The resulting program, which the researchers named Deep Patient, was trained using data from about 700,000 individuals, and when tested on new records, it proved incredibly good at predicting disease.
Without any expert instruction, Deep Patient had discovered patterns hidden in the hospital data that seemed to indicate when people were on the way to a wide range of ailments, including cancer of the liver.
If something like Deep Patient is actually going to help doctors, it will ideally give them the rationale for its prediction, to reassure them that it is accurate and to justify, say, a change in the drugs someone is being prescribed.
Many thought it made the most sense to build machines that reasoned according to rules and logic, making their inner workings transparent to anyone who cared to examine some code.
But it was not until the start of this decade, after several clever tweaks and refinements, that very large—or “deep”—neural networks demonstrated dramatic improvements in automated perception.
It has given computers extraordinary powers, like the ability to recognize spoken words almost as well as a person could, a skill too complex to code into the machine by hand.
The same approach can be applied, roughly speaking, to other inputs that lead a machine to teach itself: the sounds that make up words in speech, the letters and words that create sentences in text, or the steering-wheel movements required for driving.
The resulting images, produced by a project known as Deep Dream, showed grotesque, alien-like animals emerging from clouds and plants, and hallucinatory pagodas blooming across forests and mountain ranges.
In 2015, Clune’s group showed how certain images could fool such a network into perceiving things that aren’t there, because the images exploit the low-level patterns the system searches for.
The images that turn up are abstract (imagine an impressionistic take on a flamingo or a school bus), highlighting the mysterious nature of the machine’s perceptual abilities.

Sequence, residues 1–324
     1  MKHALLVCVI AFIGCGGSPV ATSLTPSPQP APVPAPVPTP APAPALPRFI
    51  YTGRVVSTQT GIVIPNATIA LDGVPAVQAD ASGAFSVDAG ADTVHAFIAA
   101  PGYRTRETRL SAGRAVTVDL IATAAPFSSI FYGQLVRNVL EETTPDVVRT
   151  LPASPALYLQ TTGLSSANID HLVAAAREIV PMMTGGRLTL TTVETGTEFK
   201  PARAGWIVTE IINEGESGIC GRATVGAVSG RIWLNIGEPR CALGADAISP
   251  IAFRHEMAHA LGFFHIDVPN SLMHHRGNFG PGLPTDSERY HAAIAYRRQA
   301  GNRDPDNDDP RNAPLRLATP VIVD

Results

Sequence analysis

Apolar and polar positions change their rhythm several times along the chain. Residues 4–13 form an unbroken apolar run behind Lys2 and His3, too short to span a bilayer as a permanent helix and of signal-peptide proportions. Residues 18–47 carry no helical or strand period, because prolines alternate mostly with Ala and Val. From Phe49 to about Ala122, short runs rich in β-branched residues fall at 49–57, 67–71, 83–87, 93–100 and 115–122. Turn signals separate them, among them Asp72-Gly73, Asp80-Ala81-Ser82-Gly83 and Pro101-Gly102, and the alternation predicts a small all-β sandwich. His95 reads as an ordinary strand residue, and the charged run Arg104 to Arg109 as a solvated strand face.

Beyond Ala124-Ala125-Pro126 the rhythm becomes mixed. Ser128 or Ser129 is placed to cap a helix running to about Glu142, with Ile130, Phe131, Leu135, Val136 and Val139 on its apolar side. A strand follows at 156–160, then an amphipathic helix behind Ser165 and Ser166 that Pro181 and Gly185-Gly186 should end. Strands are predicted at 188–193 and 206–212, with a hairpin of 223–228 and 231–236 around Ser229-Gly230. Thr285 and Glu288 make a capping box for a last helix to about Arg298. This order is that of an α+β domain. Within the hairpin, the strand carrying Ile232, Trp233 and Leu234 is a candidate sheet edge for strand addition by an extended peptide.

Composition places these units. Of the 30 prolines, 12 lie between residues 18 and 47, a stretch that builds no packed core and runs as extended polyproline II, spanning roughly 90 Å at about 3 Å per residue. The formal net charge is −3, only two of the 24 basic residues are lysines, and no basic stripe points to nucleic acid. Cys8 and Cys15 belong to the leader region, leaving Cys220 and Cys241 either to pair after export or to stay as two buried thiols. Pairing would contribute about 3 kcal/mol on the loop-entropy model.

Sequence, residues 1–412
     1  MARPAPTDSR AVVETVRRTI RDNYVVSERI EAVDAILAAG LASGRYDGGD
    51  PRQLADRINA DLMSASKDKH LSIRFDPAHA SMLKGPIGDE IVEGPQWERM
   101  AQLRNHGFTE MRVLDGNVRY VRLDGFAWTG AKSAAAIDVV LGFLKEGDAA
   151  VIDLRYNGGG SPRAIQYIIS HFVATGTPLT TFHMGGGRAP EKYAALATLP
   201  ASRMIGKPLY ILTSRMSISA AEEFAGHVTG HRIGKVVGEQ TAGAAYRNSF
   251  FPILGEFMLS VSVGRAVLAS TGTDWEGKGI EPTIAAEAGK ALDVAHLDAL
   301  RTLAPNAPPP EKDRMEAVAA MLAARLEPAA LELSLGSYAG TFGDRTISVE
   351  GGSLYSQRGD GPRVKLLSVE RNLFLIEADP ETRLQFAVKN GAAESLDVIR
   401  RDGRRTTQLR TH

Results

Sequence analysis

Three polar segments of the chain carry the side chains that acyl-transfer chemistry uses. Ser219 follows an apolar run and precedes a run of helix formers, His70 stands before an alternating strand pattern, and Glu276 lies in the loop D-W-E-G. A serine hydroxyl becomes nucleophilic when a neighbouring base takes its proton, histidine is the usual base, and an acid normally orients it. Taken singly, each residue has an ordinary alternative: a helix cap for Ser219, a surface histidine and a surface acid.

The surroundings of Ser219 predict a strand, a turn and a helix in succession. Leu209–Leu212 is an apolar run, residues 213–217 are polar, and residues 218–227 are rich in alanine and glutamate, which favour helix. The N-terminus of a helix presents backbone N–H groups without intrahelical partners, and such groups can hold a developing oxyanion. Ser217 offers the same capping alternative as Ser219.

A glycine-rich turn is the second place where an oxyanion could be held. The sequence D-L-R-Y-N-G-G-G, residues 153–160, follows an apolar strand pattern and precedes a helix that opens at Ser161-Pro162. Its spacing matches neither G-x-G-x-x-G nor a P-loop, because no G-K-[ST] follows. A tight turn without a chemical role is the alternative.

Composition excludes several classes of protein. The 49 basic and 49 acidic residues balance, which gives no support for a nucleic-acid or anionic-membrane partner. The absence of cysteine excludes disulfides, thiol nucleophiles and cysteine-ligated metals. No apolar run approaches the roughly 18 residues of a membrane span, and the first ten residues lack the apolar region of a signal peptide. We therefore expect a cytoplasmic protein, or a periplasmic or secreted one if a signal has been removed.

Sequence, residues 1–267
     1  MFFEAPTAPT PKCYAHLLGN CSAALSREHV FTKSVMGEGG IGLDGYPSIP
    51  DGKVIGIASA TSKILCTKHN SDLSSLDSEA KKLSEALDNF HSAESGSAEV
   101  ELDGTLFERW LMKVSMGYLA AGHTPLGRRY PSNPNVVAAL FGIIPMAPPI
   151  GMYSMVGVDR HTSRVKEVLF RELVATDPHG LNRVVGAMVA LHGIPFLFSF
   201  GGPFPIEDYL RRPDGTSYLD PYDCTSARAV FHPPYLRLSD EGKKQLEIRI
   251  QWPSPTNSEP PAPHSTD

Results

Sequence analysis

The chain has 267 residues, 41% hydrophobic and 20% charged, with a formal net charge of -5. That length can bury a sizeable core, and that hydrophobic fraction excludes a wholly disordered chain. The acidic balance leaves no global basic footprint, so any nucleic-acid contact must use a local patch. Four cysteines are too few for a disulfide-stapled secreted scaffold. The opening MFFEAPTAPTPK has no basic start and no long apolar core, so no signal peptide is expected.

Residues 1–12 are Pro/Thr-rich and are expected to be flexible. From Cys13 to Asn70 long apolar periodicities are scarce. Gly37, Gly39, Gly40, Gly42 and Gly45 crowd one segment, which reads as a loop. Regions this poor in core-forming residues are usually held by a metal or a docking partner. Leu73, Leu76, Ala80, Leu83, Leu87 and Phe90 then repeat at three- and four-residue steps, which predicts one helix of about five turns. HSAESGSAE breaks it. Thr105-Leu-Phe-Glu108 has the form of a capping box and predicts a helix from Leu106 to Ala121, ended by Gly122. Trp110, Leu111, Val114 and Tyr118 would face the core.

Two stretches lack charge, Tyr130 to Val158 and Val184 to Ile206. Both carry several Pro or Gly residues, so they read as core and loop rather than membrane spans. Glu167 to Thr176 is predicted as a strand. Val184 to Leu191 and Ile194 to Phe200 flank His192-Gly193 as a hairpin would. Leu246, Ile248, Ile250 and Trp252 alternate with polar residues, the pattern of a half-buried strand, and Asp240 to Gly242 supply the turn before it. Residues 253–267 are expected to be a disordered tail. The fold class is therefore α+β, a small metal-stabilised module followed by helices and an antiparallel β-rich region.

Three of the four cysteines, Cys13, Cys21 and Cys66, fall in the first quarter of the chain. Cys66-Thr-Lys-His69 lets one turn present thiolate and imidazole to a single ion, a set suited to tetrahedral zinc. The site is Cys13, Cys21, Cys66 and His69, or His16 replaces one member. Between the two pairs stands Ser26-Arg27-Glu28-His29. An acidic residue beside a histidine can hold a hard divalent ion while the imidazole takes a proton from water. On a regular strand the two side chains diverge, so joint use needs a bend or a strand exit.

It is the interplay of calculations inside a deep neural network that is crucial to higher-level pattern recognition and complex decision-making, but those calculations are a quagmire of mathematical functions and variables.
“But once it becomes very large, and it has thousands of units per layer and maybe hundreds of layers, then it becomes quite un-understandable.” In the office next to Jaakkola is Regina Barzilay, an MIT professor who is determined to apply machine learning to medicine.
The diagnosis was shocking in itself, but Barzilay was also dismayed that cutting-edge statistical and machine-learning methods were not being used to help with oncological research or to guide patient treatment.
She envisions using more of the raw data that she says is currently underutilized: “imaging data, pathology data, all this information.” How well can we get along with machines that are
After she finished cancer treatment last year, Barzilay and her students began working with doctors at Massachusetts General Hospital to develop a system capable of mining pathology reports to identify patients with specific clinical characteristics that researchers might want to study.
Barzilay and her students are also developing a deep-learning algorithm capable of finding early signs of breast cancer in mammogram images, and they aim to give this system some ability to explain its reasoning, too.
The U.S. military is pouring billions into projects that will use machine learning to pilot vehicles and aircraft, identify targets, and help analysts sift through huge piles of intelligence data.
A silver-haired veteran of the agency who previously oversaw the DARPA project that eventually led to the creation of Siri, Gunning says automation is creeping into countless areas of the military.
But soldiers probably won’t feel comfortable in a robotic tank that doesn’t explain itself to them, and analysts will be reluctant to act on information without some reasoning.
A chapter of Dennett’s latest book, From Bacteria to Bach and Back, an encyclopedic treatise on consciousness, suggests that a natural part of the evolution of intelligence itself is the creation of systems capable of performing tasks their creators do not know how to do.
But since there may be no perfect answer, we should be as cautious of AI explanations as we are of each other’s—no matter how clever a machine seems.“If it can’t do better than us at explaining what it’s doing,” he says, “then don’t trustit.”
- On 28. februar 2021